Laboratoires Participants

INRIA- Rocquencourt
Michèle Soria
LIAFA-Paris Diderot
LIX- Ecole Polytechnique
Dominique Rossin
IGM - Paris Est
LIPN - Paris Nord
Frédérique Bassino

voir le site temporel

In construction
LIAFA-Paris Diderot
LIX- Ecole Polytechnique
  • Dominique Rossin
  • Enrica Duchi
  • Jeremy Lovejoy
  • Roberto Mantaci
  • Anne Micheli
  • Thi Ha Duong Phan
  • Dominique Poulalhon
  • Olivier Mallet
  • Mathilde Bouvel
INRIA- Rocquencourt
  • Michèle Soria
  • Olivier Bodini
  • Maryse Pelletier
  • Carine Pivoteau
  • Alexis Darrasse
  • Olivier Roussel

  • Lucas Gerin
  • Yann Ponty
  • Sylvie Corteel
  • Francesca Fiorenzi
  • Philippe Nadeau
  • Matthieu Josuat-Verges

The central theme of the MAGNUM project is the elaboration of complex discrete models that are of broad applicability in several areas of computer science. A major motivation for the development of such models is the design and analysis of efficient algorithms dedicated to simulation of large discrete systems and random generation of large combinatorial structures. Another important motivation is to revisit the area of average-case comple xity theory under the angle of realistic data models. The project proposes to develop the general theory of complex discrete models, devise new algorithms for random generation and simulation, as well as bridge the gap between theoretical analyses and practically meaningful data models. The sophisticated methods developed during the past decades make it possible to enumerate and quantify parameters of a large variety of combinatorial models, including trees, graphs, words and languages, permutations, etc. However these methods are mostly targeted at the analysis of uniform models , where, typically, all words (or graphs or trees) are taken with equal likelihood. Accordingly, the existing average-case and probabilistic analyses of algorithms are essentially confined to a uniformity assumption that is often far from being representative of the structure of data present real applications.

The MAGNUM project proposes to depart from this uniformity assumption and develop new classes of models that bear a fair relevance to real-life data, while being, at the same time, still mathematically tractable. Such models are the ones most likely to be connected with efficient algorithms and data structures.

The MAGNUM project is decomposed into four tasks, all of them both relying on sound mathematical existing methodologies, that we want to develop and interconnect. It aims at modeling complex phenomena that appear in real applications. The kernel is the random generation of complex combinatorial structures and simulation of random dynamical discrete systems. A preamble of these tasks is the study of complex combinatorial models, and a consequence is the possibility of analysing algorithms with complex input data. The fours tasks in the project deal with models and applications.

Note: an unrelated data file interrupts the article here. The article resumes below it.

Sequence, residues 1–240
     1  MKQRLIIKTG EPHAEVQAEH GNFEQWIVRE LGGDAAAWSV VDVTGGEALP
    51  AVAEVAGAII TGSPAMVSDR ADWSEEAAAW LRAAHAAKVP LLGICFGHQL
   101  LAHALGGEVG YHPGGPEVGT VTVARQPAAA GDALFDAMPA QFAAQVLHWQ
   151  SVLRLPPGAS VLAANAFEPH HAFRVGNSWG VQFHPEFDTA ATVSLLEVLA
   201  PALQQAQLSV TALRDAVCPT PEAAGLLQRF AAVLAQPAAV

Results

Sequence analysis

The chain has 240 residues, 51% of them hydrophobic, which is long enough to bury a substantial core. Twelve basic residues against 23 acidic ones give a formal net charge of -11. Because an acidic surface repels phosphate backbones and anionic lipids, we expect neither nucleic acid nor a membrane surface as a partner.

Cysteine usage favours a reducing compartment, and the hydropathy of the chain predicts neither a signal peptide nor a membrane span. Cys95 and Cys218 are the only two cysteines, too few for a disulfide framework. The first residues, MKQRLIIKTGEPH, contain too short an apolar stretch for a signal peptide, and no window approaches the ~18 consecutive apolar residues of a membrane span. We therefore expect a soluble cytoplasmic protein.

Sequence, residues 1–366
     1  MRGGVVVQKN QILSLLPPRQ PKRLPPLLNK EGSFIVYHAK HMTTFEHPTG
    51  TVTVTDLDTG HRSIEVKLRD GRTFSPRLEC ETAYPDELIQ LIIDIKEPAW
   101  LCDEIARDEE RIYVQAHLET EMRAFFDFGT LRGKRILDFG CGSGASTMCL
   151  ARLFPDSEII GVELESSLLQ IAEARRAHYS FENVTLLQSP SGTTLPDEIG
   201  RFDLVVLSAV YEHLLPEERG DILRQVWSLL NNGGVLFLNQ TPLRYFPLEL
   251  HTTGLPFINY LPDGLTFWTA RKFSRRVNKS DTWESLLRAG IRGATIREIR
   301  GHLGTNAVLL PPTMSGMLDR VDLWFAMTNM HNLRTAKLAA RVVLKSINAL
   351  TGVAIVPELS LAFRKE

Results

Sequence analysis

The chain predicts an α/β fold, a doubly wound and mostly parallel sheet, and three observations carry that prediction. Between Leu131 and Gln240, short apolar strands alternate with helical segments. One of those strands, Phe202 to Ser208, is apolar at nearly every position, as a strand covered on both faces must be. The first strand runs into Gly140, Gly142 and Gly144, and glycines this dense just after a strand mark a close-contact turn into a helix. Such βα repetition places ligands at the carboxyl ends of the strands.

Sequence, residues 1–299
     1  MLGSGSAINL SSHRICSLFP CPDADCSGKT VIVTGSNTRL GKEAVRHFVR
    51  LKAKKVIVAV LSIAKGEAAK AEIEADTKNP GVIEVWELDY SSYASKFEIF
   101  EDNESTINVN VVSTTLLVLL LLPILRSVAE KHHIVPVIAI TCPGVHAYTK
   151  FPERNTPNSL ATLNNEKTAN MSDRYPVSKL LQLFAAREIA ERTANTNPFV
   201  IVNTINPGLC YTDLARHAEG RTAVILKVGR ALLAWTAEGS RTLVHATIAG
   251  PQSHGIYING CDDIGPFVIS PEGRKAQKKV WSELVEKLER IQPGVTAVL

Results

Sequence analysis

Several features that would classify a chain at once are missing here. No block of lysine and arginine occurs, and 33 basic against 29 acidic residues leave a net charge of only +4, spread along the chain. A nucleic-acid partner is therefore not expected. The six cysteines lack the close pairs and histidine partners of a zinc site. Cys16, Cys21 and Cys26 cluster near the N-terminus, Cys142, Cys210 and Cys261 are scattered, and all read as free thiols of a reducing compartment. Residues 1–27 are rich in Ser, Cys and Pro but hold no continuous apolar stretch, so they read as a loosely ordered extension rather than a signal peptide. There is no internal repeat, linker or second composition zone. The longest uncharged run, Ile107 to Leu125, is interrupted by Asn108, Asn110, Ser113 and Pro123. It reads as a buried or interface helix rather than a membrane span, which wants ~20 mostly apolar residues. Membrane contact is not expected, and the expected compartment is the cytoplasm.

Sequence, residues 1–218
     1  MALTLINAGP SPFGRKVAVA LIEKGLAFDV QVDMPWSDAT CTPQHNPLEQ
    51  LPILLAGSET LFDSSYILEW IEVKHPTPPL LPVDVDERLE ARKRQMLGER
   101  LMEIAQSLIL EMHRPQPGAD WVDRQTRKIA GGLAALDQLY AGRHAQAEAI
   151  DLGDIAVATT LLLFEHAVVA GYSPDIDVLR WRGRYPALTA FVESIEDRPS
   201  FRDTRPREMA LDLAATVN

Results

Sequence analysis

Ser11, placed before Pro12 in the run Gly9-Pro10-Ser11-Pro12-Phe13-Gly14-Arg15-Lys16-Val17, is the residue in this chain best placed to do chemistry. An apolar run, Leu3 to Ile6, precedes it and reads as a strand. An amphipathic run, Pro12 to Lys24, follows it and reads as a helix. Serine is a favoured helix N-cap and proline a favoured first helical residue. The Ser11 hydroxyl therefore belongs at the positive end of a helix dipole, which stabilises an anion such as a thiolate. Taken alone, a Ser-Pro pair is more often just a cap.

• Task 1 concentrates on examining complex models : the objective here is to elucidate the structure of objects (such as permutations or graphs) obeying various forms of local or global constraints, and quantify their properties. This serves as the common "knowledge basis" for the next three tasks, namely random generation, simulation and analysis of algorithms on realistic input data.
  • Task 2 is devoted to random generation with Boltzmann models; one objective is to enrich the existing Boltzmann model and adapt it for non-uniform frameworks, another important goal being to design efficient and certified random generation algorithms.
  • Task 3 concerns discrete dynamical systems (cellular automata and sandpile models) where the dynamic itself is random --these models can be described as special Markov processes; in this case the development of high-performance simulation algorithms is conditioned by a deep investigation of the dynamics involved.
  • The goal of Task 4 is to revisit the analysis of some of the most fundamental algorithms, including divide-and-conquer methods, sorting and searching, determinisation and minimisation of automata. So far, existing analyses have been confined to simple models, which are not realistic; our purpose in the Magnum Project is precisely to extend the analysis to realistic data models. Centered on complex discrete models, relying on analytical and probabilistic methods, and focusing on random generation and simulation, MAGNUM is both a merging and a natural follow-up of the two former ANR projects GAMMA and MASED.